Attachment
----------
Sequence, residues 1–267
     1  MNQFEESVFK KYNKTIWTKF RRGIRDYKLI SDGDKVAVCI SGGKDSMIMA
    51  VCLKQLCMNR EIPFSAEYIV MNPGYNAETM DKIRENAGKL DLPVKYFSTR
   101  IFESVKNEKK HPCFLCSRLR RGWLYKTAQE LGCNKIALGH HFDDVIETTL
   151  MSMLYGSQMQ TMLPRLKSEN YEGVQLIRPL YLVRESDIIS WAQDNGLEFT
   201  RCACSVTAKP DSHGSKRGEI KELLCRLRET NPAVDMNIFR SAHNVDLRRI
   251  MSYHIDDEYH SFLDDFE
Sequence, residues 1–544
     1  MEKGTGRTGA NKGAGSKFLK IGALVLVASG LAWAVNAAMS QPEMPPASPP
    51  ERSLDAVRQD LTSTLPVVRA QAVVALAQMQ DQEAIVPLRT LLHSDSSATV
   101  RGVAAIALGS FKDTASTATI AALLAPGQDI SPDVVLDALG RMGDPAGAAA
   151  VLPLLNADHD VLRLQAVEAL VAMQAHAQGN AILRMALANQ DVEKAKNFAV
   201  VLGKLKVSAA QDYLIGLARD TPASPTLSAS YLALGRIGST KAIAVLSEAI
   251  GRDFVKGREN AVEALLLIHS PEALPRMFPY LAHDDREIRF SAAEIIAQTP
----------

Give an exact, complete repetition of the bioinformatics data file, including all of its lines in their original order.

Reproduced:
Sequence, residues 1–267
     1  MNQFEESVFK KYNKTIWTKF RRGIRDYKLI SDGDKVAVCI SGGKDSMIMA
    51  VCLKQLCMNR EIPFSAEYIV MNPGYNAETM DKIRENAGKL DLPVKYFSTR
   101  IFESVKNEKK HPCFLCSRLR RGWLYKTAQE LGCNKIALGH HFDDVIETTL
   151  MSMLYGSQMQ TMLPRLKSEN YEGVQLIRPL YLVRESDIIS WAQDNGLEFT
   201  RCACSVTAKP DSHGSKRGEI KELLCRLRET NPAVDMNIFR SAHNVDLRRI
   251  MSYHIDDEYH SFLDDFE
Sequence, residues 1–544
     1  MEKGTGRTGA NKGAGSKFLK IGALVLVASG LAWAVNAAMS QPEMPPASPP
    51  ERSLDAVRQD LTSTLPVVRA QAVVALAQMQ DQEAIVPLRT LLHSDSSATV
   101  RGVAAIALGS FKDTASTATI AALLAPGQDI SPDVVLDALG RMGDPAGAAA
   151  VLPLLNADHD VLRLQAVEAL VAMQAHAQGN AILRMALANQ DVEKAKNFAV
   201  VLGKLKVSAA QDYLIGLARD TPASPTLSAS YLALGRIGST KAIAVLSEAI
   251  GRDFVKGREN AVEALLLIHS PEALPRMFPY LAHDDREIRF SAAEIIAQTP